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A last major issue regarding identity protection is whether the linking of a single online identity across multiple contexts is advantageous to the end-user or not. This becomes especially important to decentralised systems like OpenID or any sort of federated environment (see next subsection), having that the identity provider is allowed to share reputational information between different contexts (Dolera Tormo et al., 2013). More specifically, it should be clear if abusive user’s activity spotted in one context should affect their status in other domains that also use the same identity to authenticate and authorise the user. This may have negative effects on user’s privacy, but on the other hand, such a system is able to impose strong accountability mechanisms by means of greatly augmenting the consequences of online misbehavior (Wolff, 2013). Also, this situation is highly probable to render the user more mindful on how they act because any malicious behavior would directly affect the investment they done in the associated identity. Last but not least, schemes like that of auditable tracing(K¨ ugler and Vogt, 2002) present an interesting aspect of the problem, but this time from the user’s standpoint. Specifically, the aim of such a scheme is to make unauthorised tracing by TTPs detectable in the course of time by the users of the system themselves.

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2.3. Identity Management Today, nearly everyone of us has several online places they need a username and password. Even more, an entity (e.g., a person or organisation) may have zero, one or more identities within a given context. Consider for example the case where a person has two identities in an online store because he is both an employee and a customer at this store. These issues inevitably bring Identity Management (IdM) in the foreground. IdM has to do with the design and administration of users’ identity credentials, attributes, and privileges. As a result, IdM consists of two basic parts. The first is responsible of granting users with credentials and IDs upon the initial registration phase, while the latter is in charge of authenticating them and controlling their access to services and resources based on their IDs. IdM can be carried out in three basic ways; user-centric, federated or centralised (Chadwick, 2009; Cao and Yang, 2010; Maliki and Seigneur, 2013). The first one makes individuals responsible for administrating and controlling any data related to their identities. Identity cards stored on a wallet represents a user-centric type of IdM. For example, the user employs their card to access the university’s lab premises. In this respect, the user has the absolute control over how the data on the card are read and used by third parties. Password managers, network anonymisation tools used to curtail exposure of personal information belong to this category as well. On the other hand, the so-called fedFrated IdM, is a set of standards, agreements and technologies that allow a group of SP to identify user IDs andentitlementsstemmingfromotherSPswithinafederateddomain(inthe followingthetermsdomain,realm,ecosystemareusedindistinctly). Identity federation is a growing trend among network operators and other communities which aim to offer their Internet services to external end-users. This has the obvious advantage of increasing their business opportunities and consequently their profits.N aturally,i ns ucha d omain,t rustagreements should be pre-established between SPs prior to identities existing in different domains can be recognised across the federated realm. Lately, however, we came across some research efforts proposing scenarios to shift from the traditional static bilateral agreements to automated dynamic federation, by e.g. based on reputation models (AriasCabarcos et al., 2013). Some other ongoing proposals towards allowing the dynamic establishment of trust relationships among network domains are that of the so-called Trust Router protocol(alongwithTemporaryIdentityProtocol)currentlyunderstandardisationbytheIETF(Wasserman and Hartman,2014). Thissolutionenables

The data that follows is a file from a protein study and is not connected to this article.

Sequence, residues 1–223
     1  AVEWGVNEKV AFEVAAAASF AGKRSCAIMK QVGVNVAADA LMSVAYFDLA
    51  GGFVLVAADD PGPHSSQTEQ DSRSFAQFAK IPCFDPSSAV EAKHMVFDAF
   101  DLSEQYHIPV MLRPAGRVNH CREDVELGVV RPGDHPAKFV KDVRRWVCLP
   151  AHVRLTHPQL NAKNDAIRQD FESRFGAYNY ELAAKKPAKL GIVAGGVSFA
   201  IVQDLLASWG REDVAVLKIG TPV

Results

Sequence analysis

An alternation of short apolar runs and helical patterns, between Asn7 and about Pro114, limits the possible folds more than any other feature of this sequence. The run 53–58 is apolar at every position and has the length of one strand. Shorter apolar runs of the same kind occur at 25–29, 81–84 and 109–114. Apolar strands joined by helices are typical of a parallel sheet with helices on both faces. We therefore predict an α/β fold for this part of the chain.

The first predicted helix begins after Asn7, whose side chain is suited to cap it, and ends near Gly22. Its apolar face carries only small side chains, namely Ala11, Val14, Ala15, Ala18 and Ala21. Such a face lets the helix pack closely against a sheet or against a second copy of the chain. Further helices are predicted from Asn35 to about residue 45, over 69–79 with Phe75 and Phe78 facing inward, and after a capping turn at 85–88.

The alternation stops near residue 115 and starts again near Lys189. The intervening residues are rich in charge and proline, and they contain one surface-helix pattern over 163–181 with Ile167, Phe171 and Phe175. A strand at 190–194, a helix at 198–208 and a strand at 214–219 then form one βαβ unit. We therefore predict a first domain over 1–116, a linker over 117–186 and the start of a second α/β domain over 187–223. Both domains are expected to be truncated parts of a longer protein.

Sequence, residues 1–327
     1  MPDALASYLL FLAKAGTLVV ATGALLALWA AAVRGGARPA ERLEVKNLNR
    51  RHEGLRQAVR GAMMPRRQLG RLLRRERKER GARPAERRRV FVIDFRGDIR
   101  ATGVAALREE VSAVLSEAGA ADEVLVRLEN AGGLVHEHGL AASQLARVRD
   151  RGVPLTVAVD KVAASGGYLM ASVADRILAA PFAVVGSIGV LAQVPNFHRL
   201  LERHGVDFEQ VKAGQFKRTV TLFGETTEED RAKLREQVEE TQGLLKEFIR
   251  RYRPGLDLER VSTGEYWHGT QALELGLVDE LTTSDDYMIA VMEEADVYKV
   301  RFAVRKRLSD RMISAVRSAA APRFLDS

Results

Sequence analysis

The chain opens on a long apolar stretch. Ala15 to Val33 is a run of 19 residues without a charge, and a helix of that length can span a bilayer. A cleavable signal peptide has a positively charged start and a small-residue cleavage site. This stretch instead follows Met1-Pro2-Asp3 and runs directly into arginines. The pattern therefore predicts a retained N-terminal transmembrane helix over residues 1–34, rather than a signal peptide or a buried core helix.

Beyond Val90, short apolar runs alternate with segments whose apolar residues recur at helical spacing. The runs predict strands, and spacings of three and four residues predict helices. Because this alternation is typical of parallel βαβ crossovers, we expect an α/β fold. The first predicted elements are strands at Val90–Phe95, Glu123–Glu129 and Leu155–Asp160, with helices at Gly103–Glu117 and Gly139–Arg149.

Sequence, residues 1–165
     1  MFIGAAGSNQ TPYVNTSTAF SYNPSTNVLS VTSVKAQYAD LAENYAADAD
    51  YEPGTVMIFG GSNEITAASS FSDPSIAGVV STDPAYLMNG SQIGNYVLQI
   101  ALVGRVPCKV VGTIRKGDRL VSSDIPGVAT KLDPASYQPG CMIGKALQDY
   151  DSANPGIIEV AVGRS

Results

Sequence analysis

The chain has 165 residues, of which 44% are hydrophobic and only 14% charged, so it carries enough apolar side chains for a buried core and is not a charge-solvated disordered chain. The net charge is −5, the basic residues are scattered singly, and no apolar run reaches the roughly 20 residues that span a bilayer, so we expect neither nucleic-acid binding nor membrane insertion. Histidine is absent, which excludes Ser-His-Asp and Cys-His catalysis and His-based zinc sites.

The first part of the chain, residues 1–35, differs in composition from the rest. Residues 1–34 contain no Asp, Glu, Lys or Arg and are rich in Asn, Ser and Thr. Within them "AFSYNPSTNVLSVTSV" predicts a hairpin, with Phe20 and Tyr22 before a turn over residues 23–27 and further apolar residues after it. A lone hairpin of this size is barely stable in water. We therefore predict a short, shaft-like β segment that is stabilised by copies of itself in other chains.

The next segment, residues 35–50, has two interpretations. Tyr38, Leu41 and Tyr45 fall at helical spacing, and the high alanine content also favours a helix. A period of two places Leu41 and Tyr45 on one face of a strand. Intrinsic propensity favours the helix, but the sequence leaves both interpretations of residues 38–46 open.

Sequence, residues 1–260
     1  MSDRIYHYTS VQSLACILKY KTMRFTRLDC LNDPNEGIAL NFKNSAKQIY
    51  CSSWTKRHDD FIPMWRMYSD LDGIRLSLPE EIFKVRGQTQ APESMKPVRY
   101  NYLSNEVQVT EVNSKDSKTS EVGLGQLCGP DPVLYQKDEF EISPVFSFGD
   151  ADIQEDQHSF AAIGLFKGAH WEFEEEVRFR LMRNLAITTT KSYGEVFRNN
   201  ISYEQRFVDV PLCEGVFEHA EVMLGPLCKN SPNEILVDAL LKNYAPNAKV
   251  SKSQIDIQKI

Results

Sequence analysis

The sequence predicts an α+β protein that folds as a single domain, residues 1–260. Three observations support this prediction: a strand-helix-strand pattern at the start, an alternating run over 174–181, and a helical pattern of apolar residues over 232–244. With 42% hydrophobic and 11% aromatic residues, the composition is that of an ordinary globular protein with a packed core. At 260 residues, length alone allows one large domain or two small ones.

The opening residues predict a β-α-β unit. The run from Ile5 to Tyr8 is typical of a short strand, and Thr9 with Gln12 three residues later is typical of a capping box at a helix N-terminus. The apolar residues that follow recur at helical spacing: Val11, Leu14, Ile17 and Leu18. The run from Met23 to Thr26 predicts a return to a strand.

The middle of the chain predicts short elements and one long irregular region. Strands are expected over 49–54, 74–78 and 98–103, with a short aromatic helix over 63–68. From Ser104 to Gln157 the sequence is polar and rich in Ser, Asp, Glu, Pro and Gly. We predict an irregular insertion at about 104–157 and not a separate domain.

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the creation of multihop Application Bridging for Federation Beyond the Web (ABFAB) federations without the need of a centralized Public Key Infrastructure (PKI). Similarly, there are research projects like GEANT eduGAIN service (GEANT-project, 2014) and Moonshot (Tschofenig, 2010) (the latter is also under standardisation by IETF ABFAB working group) investigating ways of mitigating the same problem. In any case, this federated IdM eventually results in a single virtual identity domain. So, prior to an end-user is granted access to a service provided by an SP, it is needed to be authenticated by the identity provider (i.e., where this user is registered). Next, authentication and authorisation related information are communicated to the SP, which in turn validates them based on the group of trust relationships agreed between the identity provider and the SP. Nevertheless, the users can still be in charge - at least to some extent - of how their identity credentials are shared and used between the different domains of the federation. Single Sign-On (SSO) is perhaps the most common use-case in federated IdM, as it enables users to authenticate towards a single site and acquire access to others without supplying additional information or credentials. In this respect, SSO gives answer to two major problems: individuals needing to enter authentication information repeatedly, and individuals having to recall multiple sets of authentication credentials. The Kerberos protocol (see section 3.2) is a characteristic example of such a situation, where the Kerberos Authentication Server (AS) acts as the central point of user authentication and credential provisioning. Microsoft .Net Passport is another example of SSO implementation. Well-known technologies such as OAuth (OAuth, 2013), OpenID (OpenID, 2013), SAML (OASIS, 2005), and WS-Federation are typically used for federating access to Web services. Authentication, Authorization and Accounting (AAA) protocols (e.g., RADIUS, Diameter) along with EAP, to carry out the authentication, are typically the vehicles towards achieving federation of the network access service. The latest addition to the family of the aforementioned protocols that gathers a lot of attention lately is that of OpenID Connect (OpenID-Foundation, 2014). This comprises a specification that defines how the involved parties can take advantage of the OAuth 2.0 protocol to communicate about identity (i.e., it is built as a simple identity layer on top of the OAuth 2.0 protocol). In this respect, OpenID Connect not only determines the exact way the OpenID 2.0 token and authorization endpoints should interact when authenticating and authorising users under OAuth 2.0, but also details on the way the other - specific to OpenID Connect - endpoints